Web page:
Charles R. Stevens

Just a box of dirt, or a simple side blast forge

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I have  not stopped my experiments, and now recommend a trench, insted of a bowl. Put the tuyere in the side of the trench, taper the ends to make fuel additions and cleaning easer. If you make it 4" wide then standard hard firebrick works well for extending the trench above the table (ground) one brick or no brick depending on what you are trying to heat. Because of the low mas, fuel effecency is a must with charcoal. 

Something like that

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I just showed this design to my friend and half way through the pics he was already looking for his shovel :D

I have some difficulty picturing the trench setup in my mind, any pics about it? How do you position the tuyere?

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The tuyere comes in the side of the trench, but instead of a bowl 8" across, instead dig a strate sided trench, 4" wide and 8-12" long. The long sides of the trench slope down to the tuyere making it easy to clean and encouraging fuel to settle down. 

So, let's cover it again, you want atleast 3" between the floor of the box and the bottom of the tuyere, and 3-4" above the top of the tuyere to the too of the table. You would have 2" of dirt between the fire and the bottom and an inch under the tuyere Now at this point either use bricks or make mounds of dirt on the long sides of the trench up to about 4" to keep the fuel over the stock from running off. Banking coal works, but with charcol you just end up with all the fuel on fire, and still only get 6" of hot spot .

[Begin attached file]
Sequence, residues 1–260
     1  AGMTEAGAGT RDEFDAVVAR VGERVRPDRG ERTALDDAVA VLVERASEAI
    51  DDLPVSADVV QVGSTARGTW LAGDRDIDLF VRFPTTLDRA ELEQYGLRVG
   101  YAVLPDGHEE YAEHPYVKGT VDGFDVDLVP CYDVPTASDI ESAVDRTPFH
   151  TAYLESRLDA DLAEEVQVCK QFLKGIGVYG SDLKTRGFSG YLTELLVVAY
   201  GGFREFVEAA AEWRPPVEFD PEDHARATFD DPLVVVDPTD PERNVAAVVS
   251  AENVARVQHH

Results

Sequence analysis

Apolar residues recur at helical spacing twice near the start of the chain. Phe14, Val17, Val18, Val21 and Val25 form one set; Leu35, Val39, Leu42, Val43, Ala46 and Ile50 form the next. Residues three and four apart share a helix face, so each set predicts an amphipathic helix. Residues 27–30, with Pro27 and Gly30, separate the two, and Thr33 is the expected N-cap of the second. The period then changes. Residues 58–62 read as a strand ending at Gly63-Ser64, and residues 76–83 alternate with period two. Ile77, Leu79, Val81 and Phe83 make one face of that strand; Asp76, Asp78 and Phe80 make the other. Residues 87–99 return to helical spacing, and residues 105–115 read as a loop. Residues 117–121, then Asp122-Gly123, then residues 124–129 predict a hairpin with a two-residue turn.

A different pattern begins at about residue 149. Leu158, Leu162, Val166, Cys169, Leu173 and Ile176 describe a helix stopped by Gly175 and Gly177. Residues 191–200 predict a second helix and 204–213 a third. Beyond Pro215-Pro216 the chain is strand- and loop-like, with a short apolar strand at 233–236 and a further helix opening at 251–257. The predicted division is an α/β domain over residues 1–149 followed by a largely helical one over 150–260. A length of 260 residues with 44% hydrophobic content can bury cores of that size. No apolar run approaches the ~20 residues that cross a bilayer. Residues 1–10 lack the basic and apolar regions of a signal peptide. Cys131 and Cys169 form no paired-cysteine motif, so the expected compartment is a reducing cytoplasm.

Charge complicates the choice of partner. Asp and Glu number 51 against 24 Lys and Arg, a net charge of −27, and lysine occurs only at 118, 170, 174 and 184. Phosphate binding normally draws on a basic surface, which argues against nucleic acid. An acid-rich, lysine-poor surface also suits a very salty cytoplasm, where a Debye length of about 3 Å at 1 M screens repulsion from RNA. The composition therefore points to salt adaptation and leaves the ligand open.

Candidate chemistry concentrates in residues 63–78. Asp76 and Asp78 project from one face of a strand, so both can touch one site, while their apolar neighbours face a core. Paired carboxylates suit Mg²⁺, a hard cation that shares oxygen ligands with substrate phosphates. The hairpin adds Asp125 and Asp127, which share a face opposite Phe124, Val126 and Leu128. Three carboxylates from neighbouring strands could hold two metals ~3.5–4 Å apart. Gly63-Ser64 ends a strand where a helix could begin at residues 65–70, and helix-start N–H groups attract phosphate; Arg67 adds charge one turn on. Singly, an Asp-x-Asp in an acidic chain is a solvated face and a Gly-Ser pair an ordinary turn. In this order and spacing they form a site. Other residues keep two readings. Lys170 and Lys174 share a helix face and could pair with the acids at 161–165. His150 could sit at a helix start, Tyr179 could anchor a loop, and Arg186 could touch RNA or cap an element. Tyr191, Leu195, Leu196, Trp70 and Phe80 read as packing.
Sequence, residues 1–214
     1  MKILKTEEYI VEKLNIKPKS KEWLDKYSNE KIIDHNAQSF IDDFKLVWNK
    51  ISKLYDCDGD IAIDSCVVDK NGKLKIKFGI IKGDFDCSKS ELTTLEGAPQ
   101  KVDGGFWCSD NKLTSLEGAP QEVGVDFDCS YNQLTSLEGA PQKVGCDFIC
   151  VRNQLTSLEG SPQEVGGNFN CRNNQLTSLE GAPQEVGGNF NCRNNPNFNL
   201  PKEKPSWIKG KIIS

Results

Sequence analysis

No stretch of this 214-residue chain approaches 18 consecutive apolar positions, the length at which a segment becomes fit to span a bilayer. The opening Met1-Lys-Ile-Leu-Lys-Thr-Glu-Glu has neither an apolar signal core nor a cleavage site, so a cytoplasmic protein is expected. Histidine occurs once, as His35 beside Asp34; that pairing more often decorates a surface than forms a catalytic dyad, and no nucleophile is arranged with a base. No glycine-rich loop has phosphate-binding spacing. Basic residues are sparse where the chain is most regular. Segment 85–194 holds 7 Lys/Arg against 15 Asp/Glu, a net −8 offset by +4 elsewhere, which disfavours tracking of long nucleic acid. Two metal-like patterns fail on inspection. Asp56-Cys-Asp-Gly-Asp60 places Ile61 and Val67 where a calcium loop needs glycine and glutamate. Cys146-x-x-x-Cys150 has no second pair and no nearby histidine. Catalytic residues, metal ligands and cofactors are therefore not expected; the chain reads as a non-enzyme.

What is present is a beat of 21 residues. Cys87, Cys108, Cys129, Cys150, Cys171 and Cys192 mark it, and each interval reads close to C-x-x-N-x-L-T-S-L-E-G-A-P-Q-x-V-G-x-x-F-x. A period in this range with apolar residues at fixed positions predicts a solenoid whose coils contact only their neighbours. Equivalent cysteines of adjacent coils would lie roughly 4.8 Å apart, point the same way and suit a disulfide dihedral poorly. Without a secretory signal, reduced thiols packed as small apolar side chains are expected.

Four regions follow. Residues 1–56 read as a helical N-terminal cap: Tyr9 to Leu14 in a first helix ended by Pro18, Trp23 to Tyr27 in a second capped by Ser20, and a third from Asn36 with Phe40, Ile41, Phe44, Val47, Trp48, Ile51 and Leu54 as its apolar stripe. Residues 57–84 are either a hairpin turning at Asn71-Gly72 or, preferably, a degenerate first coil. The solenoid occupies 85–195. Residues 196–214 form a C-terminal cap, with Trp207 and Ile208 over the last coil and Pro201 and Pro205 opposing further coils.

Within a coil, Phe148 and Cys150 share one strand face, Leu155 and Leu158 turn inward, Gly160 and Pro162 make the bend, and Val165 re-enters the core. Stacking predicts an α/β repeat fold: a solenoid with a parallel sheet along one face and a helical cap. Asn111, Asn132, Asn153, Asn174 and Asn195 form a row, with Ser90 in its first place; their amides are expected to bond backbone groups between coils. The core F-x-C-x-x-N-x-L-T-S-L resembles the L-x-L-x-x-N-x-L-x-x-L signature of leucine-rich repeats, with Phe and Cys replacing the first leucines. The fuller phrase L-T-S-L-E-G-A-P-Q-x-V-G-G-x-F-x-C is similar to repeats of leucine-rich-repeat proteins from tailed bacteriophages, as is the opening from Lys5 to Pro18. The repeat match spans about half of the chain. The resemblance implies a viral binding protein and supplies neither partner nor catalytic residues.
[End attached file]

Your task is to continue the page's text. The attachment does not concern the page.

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Purgatory Ironworks (a smith from Georgia named Trent) is currently doing a series of videos for starting blacksmiths.  His last couple have covered these types of forges.  He gives pros and cons and draws out how to design them.  His knowledge of the JABOD is not as profound as Charles' but the videos are informative nonetheless.  He also communicates the IFI stance on anvils and the benefits of big chunks of steel over hunting for "real" anvils.

If visuals help you check out his videos.  Picture Charles' trench as a capital "T" shape.  The air pipe (tuyere) is the bottom line connecting to the trench which is the cross line at the top of the "t".

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On 8/13/2017 at 0:26 PM, NomenCallide said:

Yeah I use a blow pipe... it is a pain in the rear but it works

If your blow pipe is a pain in the rear you're either doing it wrong or we want to see the gas burner you're using.

Frosty The Lucky.

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made the JABOD: fantastic! i can actually heat stuff up with this, even with wood which is kinda nice :P  Still have much to learn but dirt offers lots of chance for that.  now to learn about firepot depth and shape and steel position and tuyere opening and all that good stuff.  

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The trench is eased to clean and seems to give a better fire over all. I modified the forge (cold chisel) before forging a pick into a bick

It also holds just a little bit less fuel, the sides make holding the fuel in place easer and it reflects the heat. 

Down side of the double walls is that scrolls don’t fit well. Single wall works well and one can always grab a brick. I have one that I melted

 

 

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Single wall is similar to Viking style, no? Only I was at a demo a while back where Darrell Markewitz was showing off a setup involving a box of sand, two single lung bellows,  and a bellows stone (more durable than a clay wall I guess?)

He was basically piling up charcoal against the stone, with a shallow depression in the sand to lower the fire somewhat. I was impressed by how small the fire was whilst his bellows thrall needed to be watched in order to not burn the work. 

Link for reference: http://warehamforgeblog.blogspot.ca/2013/10/viking-age-sand-table-forge.html?m=1

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